I’ve seen a good number of articles praising Israel’s handling of the war of perceptions in the media. In the offline critiques of Israel’s strategy and tactics by information experts there is much less congratulatory language. A close look at the praise reveals a self-licking ice cream cone or a limited understanding of the battlespace.
The following is an interesting assessment, and indictment, of Israel’s foray into the war of persuasion not generally discussed in the mainstream media.
Foreign minister Tzipi Livni, whose poor command of the English language may have been a factor in Israel's agreeing to UN Security Council Resolution 1701 two and a half years ago, now has a blog. The text is in Hebrew only and most of the posts are videos of interviews with her on various television networks.
At YNet, Esti Applebaum-Polani argues that Israel's biggest problem with public relations is a lack of fluent English speakers.
Hamas’ professional assistance is manifested through Arab experts who reside in Western countries and are used as commentators on foreign media outlets when needed (interestingly, Israel academic experts who live abroad are often opposed to the Israeli government’s policy.) The campaign is also reinforced by Arab politicians who were educated in the West or lived there for a long time and speak fluent English. In addition, there are the foreign correspondents who view the battle as one pitting David (Hamas) against Goliath (Israel,) because on television it always appears as though one side is strong and the other is weak.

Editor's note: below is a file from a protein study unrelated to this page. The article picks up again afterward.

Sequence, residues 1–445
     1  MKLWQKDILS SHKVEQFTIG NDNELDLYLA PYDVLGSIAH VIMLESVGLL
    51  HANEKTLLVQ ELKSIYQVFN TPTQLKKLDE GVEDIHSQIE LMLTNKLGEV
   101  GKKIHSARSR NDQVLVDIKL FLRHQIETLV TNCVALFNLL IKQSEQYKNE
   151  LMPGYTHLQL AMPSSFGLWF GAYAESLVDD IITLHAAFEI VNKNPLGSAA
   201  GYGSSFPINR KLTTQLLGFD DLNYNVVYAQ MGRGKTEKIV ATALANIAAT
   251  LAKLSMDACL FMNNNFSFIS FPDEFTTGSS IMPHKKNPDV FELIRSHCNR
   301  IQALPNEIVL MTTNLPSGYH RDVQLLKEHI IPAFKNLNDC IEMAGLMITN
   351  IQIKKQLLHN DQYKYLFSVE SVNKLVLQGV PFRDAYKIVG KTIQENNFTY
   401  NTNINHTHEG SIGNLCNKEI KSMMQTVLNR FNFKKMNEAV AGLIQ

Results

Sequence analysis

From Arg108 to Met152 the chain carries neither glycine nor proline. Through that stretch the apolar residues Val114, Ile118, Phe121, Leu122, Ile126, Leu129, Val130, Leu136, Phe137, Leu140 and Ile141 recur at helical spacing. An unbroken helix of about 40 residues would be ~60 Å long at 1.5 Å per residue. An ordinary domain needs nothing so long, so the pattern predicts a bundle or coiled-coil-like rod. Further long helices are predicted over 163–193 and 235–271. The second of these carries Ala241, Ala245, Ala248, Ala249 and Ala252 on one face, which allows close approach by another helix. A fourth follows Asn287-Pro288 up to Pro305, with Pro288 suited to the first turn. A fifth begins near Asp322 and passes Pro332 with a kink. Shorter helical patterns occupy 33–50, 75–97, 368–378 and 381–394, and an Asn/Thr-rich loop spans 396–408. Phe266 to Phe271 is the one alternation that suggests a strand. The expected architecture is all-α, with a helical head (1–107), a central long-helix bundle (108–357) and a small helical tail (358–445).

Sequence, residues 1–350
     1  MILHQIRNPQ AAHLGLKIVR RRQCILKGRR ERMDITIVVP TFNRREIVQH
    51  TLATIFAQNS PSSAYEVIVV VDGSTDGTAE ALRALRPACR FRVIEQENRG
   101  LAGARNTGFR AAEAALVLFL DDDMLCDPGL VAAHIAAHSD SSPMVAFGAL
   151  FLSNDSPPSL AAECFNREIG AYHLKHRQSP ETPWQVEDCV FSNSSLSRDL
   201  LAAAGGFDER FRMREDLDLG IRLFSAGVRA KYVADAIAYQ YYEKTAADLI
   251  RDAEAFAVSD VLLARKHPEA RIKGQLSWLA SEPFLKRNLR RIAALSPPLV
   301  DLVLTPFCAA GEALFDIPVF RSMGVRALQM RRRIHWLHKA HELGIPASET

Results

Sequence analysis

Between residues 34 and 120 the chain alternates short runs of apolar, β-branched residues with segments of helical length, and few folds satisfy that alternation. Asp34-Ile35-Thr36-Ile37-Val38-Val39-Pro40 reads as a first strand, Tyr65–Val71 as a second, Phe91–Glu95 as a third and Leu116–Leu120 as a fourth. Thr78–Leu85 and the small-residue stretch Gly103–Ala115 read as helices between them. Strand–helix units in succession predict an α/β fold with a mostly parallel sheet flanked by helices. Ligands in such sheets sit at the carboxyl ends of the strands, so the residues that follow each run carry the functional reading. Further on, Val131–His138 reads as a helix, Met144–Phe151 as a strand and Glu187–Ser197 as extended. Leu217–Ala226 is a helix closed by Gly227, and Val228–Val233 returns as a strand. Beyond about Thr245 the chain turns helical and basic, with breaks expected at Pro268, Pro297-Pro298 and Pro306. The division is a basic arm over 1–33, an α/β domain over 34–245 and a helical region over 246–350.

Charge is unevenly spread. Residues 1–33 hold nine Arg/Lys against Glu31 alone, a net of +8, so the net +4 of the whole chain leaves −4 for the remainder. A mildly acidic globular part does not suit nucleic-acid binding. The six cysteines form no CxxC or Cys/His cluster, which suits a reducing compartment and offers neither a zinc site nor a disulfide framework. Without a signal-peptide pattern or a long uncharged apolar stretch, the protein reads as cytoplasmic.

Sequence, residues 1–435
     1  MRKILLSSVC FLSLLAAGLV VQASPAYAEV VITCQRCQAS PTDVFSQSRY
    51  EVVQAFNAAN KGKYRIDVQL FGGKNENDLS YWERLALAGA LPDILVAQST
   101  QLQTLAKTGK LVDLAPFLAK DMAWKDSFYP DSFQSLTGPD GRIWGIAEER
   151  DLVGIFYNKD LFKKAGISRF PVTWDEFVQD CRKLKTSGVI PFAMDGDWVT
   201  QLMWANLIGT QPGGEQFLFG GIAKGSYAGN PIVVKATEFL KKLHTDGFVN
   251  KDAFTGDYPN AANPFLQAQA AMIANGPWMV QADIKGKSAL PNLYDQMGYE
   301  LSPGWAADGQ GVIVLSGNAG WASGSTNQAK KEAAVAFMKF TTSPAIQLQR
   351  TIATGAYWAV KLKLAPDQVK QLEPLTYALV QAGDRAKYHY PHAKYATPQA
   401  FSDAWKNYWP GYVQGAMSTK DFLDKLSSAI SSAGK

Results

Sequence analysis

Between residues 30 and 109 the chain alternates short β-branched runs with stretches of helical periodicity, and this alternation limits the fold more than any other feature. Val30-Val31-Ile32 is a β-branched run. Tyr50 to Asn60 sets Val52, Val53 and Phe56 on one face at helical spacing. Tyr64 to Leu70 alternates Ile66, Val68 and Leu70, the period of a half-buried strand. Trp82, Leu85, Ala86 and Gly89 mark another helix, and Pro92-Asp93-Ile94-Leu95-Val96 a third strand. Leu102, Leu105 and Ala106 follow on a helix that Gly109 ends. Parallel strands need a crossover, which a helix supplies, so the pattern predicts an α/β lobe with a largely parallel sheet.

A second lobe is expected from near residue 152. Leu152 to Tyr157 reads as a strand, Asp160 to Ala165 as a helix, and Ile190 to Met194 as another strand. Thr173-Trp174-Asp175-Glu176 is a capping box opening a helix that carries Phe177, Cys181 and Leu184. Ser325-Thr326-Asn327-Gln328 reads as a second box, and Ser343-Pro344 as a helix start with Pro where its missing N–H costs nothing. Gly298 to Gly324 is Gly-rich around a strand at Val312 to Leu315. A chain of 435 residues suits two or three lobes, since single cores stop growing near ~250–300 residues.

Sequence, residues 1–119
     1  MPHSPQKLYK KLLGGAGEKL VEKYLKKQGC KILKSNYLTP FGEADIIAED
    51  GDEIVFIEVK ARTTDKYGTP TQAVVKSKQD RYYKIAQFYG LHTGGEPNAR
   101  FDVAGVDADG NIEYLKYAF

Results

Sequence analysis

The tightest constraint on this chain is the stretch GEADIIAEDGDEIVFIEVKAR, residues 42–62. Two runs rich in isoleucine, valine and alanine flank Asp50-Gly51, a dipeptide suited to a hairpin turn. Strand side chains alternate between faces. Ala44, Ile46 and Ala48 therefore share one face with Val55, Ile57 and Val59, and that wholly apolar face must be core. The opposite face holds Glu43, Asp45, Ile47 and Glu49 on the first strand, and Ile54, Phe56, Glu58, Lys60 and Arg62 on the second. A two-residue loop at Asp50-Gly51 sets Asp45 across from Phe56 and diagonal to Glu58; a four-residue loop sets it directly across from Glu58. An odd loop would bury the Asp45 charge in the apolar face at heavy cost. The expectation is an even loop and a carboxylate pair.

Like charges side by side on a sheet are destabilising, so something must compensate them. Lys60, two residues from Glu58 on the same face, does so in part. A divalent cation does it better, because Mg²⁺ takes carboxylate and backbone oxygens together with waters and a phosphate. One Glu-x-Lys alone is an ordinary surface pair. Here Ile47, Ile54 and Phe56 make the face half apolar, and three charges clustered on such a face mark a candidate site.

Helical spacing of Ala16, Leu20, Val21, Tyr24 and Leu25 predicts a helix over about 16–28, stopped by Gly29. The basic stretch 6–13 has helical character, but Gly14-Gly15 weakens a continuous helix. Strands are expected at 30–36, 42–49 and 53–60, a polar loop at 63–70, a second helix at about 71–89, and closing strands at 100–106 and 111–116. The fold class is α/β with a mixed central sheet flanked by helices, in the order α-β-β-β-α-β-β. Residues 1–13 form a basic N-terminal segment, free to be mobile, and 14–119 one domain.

Meanwhile, Palestinian spokespeople who reside in the West and speak fluent English resort to “sweet talk” on global television stations. …
You may have noticed over the past week that the IDF spokesperson's office has gotten into the Internet - setting up a YouTube account (and then a LiveLeak account) and a blog. All of this is being done by the North American desk - an outfit that may not have existed two and a half years ago (they didn't contact me if they did exist). …
Read the whole thing here.